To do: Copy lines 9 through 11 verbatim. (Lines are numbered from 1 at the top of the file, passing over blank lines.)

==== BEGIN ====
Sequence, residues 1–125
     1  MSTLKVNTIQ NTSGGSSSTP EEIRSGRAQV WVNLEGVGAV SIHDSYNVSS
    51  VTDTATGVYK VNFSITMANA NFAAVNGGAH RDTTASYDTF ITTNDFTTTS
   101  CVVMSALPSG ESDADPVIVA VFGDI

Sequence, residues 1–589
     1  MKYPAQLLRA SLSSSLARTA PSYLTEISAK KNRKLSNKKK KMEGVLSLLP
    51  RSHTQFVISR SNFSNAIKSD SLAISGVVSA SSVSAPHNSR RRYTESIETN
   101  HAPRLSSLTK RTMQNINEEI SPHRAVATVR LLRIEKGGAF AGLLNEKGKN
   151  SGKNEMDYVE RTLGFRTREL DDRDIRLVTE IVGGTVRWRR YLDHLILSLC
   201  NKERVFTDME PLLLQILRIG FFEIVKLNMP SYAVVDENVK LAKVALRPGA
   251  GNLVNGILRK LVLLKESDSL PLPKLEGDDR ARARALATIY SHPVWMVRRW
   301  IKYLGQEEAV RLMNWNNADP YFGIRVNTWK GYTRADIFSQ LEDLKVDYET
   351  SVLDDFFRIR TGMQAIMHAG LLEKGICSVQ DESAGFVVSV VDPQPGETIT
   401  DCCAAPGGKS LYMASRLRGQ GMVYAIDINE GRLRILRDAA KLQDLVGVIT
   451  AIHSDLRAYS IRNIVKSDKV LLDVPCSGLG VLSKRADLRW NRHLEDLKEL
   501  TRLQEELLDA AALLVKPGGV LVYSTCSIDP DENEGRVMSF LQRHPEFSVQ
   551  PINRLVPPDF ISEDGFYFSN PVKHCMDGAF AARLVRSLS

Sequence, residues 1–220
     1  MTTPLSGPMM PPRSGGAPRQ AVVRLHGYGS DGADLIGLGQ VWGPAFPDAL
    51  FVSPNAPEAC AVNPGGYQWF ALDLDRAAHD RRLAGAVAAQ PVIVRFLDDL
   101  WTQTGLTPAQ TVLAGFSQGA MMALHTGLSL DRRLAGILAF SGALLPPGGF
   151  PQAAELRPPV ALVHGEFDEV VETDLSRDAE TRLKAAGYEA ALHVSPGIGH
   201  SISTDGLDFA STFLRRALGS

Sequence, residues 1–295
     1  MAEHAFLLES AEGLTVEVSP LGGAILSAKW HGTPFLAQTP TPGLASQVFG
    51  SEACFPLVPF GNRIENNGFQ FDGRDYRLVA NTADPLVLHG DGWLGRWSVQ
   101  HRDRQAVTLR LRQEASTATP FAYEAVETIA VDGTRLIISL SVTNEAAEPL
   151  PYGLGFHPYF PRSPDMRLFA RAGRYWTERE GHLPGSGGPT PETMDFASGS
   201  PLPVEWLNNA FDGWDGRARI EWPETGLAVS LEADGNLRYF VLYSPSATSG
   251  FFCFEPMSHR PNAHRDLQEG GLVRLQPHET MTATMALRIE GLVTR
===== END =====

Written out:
   151  SGKNEMDYVE RTLGFRTREL DDRDIRLVTE IVGGTVRWRR YLDHLILSLC
   201  NKERVFTDME PLLLQILRIG FFEIVKLNMP SYAVVDENVK LAKVALRPGA
   251  GNLVNGILRK LVLLKESDSL PLPKLEGDDR ARARALATIY SHPVWMVRRW